LELE’S VEGAN AFTERNOON TEA

I don’t really know when we got so into afternoon tea. I started going after heavy nights out, as there is something incredibly amusing about stuffing yourself with cake and trying to remember to lift your pinkie as you drink tea, when deeply and darkly hungover. Despite this tradition, I wasn’t even slightly hungover when I went to Lele’s monthly special of afternoon tea (although, having avoided alcohol recently, half a glass of bubbles went straight to my head).

As aforementioned, Lele’s vegan afternoon tea isn’t an everyday thing. Instead, sittings are run on a monthly basis, which means you have to book well in advance by sending them an email and arranging a deposit. This makes it all the more niche, and perfect for celebrating events (a late birthday treat for myself), planned in advance with plenty of time to look forward to. From 4pm – 6.15pm, Lele’s venue in Dalston is emptied of everyday diners, to offer swift service to a select few afternoon tea attendees.

I really wish that I was the sort of person and blogger who took the time to selectively photograph each cake and sandwich, to savour and rate it, but unfortunately you would’ve thought I’d never been fed after the way I was let loose and devoured the cake. Between my friend and I, we cleared all the sweets and savouries in record timing. I saw most of the other tables leaving with their leftover, unfinished treats boxed to go – which I personally can’t fathom. Nonetheless, everything on offer was pretty memorable, so I can at least remember what was consumed, even if there’s no picture evidence.

I’m not normally a sandwich person, but both the vegan cheese or faux smoked salmon/carrot sandwiches were really good. I don’t think you’d have been able to tell the scones from vegan scones (are normal scones even vegan?). The pastry selection consisted of a Victoria sponge, carrot cake that was supposed to be a brownie without cacao (tasted like carrot cake if I’m honest, but good carrot cake at that), and a chocolate tart. The latter was the only let down in my opinion, as the chocolate filling wasn’t quite right. 

Overall, Lele’s had a wonderfully relaxed atmosphere, and the once-a-month sitting makes it all the more exclusive. All the food was delicious (vegan cakes have come a long way), so it’s definitely one to put on the bucket list for vegan fine diners and afternoon tea enthusiasts in London. Priced at £25 per person, it’s also a steal when compared to other venues charging over double the price.

Lele’s 

Dalston Square

London

E8 3BQ

Next afternoon tea; 8th September

AFTERNOON TEA AT THE RITZ

we look almost put together, considering the cirumstances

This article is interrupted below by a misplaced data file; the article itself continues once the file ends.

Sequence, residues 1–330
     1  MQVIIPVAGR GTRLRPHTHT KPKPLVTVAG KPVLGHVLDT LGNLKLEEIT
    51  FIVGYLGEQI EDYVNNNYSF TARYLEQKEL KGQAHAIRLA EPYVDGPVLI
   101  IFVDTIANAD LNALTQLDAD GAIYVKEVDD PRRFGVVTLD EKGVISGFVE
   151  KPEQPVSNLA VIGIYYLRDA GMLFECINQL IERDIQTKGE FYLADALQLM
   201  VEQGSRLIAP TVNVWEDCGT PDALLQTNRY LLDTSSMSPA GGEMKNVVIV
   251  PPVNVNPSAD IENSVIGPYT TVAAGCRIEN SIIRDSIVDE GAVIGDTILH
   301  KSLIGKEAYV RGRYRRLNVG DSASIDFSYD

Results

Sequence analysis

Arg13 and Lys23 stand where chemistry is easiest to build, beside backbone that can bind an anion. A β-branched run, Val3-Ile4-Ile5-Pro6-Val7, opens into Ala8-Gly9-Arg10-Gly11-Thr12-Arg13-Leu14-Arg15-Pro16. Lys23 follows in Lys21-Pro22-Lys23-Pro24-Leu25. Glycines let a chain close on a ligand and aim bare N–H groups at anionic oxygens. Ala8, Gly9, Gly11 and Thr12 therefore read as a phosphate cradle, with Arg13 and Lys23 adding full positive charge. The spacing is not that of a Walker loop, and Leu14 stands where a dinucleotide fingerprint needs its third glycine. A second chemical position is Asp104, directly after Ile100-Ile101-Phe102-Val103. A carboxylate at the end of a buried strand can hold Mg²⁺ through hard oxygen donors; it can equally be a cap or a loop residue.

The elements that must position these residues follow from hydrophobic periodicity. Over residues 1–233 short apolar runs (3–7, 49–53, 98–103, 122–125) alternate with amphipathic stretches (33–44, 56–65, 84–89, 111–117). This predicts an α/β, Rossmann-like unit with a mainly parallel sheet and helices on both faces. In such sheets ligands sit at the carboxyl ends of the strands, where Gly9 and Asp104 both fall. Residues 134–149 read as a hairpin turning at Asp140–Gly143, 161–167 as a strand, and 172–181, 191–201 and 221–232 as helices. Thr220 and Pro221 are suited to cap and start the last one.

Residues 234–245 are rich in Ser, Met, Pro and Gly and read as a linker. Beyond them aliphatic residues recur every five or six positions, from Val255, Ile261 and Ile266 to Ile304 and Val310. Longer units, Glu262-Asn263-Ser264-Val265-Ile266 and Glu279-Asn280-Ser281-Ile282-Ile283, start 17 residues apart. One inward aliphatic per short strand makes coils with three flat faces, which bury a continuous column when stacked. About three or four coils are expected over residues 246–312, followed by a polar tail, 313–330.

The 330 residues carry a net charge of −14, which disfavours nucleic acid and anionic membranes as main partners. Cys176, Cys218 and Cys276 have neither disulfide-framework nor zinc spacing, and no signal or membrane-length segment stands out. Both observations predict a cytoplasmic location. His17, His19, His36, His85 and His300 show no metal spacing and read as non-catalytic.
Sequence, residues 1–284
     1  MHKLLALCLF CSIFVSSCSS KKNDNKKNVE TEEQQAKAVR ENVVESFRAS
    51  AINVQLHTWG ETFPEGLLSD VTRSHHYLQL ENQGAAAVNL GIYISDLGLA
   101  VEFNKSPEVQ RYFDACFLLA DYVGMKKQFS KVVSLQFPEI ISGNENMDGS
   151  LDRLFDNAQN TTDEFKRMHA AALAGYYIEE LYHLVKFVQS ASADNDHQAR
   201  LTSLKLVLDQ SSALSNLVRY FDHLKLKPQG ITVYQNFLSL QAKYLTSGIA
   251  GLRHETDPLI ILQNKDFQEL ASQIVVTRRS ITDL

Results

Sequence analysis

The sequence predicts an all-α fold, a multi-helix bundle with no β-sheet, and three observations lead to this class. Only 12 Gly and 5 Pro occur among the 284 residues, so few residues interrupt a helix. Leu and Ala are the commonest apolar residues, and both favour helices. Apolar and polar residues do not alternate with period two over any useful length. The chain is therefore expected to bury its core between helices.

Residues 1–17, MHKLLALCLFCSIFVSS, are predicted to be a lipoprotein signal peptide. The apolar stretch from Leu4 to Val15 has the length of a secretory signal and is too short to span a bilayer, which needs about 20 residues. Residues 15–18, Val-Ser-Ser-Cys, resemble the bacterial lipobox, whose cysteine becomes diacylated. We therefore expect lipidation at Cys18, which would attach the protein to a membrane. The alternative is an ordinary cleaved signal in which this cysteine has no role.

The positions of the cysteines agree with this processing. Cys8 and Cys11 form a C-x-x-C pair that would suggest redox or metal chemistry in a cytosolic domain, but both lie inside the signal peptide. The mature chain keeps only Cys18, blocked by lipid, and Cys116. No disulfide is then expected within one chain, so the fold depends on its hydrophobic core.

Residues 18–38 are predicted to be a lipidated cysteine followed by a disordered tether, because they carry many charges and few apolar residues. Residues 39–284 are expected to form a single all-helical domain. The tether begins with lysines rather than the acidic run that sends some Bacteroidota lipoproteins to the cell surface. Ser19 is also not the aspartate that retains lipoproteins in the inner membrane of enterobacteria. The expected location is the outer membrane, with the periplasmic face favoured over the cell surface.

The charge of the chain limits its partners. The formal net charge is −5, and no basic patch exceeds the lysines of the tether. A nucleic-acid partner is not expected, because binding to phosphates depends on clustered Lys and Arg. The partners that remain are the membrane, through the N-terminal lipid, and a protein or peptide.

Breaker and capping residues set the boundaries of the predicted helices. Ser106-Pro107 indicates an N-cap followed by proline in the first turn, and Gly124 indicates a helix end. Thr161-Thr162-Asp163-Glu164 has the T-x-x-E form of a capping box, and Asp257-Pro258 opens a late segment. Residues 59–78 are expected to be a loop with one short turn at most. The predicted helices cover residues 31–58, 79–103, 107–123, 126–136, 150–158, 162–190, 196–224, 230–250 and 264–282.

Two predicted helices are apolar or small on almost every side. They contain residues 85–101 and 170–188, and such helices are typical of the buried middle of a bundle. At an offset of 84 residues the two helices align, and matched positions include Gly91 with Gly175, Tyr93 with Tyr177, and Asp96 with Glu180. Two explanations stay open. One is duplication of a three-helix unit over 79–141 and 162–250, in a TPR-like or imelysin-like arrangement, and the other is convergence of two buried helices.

I think it was almost a year to this date that I last dragged myself out, horribly hungover, for afternoon tea at the Sanderson, and remembered to blog about it. This highbrow venture was swiftly followed by an unplanned trip into Camden and a tattoo to balance out the dignity and decorum, so overall an interesting Sunday.

The concept of afternoon tea remains slightly perplexing to me, and I complained that going at 11.30 am to the Ritz, a year later, was terribly early for tea and cake – especially after going out the night before – but still managed to drown my hungover sorrows in sugar, cake and scones.

You get what you pay for in terms of food and service; every waiter is incredibly attentive and proper. You get your tea poured for you. A glass of champagne was offered – towards which I balked, deeming alcohol to be the last thing my hangover needed – and the respective jokes about hair of the dog were courteously exchanged.

I’m not really at the level of blogging where one whips out a professional camera and teeters on a seat to get good angles of food. It’s more a case of stealing furtive, blurry shots of dishes, and swiftly forgetting what I’ve eaten before I get to post about it. Nonetheless, afternoon tea includes an array of sandwiches, three cake type petit fours, scones, and additional cake if that isn’t a wide enough assortment of cake to tickle your fancy. The menu boasts of a whole 18 different types of loose-leaf tea, and they apparently employ a Tea Sommelier (from what I understand, the equivalent of a wine connoisseur, but for tea), who travels the world just to bring the finest of teas to your doorstep. The Ritz is also one of the only traditional afternoon tea hosts to offer a complete vegan menu (on this occasion, I decided not to force vegan cream upon myself), but I’ve read that it is just as good.

I have a pretty simple palate, even when it comes to desserts (I’ll happily opt for chocolate chip cookies over any nouveau cuisine pudding any day of the week), but was pleasantly surprised by the sweets on offer. I may also have been hungover enough to blissfully fill my mouth with anything sweet.

not wholly sure what this was but some sort of rhubarb/white chocolate mousse biscuit

A universal tip for afternoon tea at the Ritz (or really anywhere) is telling them that one of you is celebrating a birthday. One of my friend’s sort of was (albeit a month late). Any mention of a birthday and you get a free cake, lit candle, and a brief rendezvous of happy birthday on the piano. Not quite as embarrassing as an entire restaurant yodelling happy birthday, and who in their right mind would turn down free cake.

Staging a proposal is potentially also worth a shot – you never know, you might even get a bigger cake. 

the ritz

150 piccadilly

london

£58pp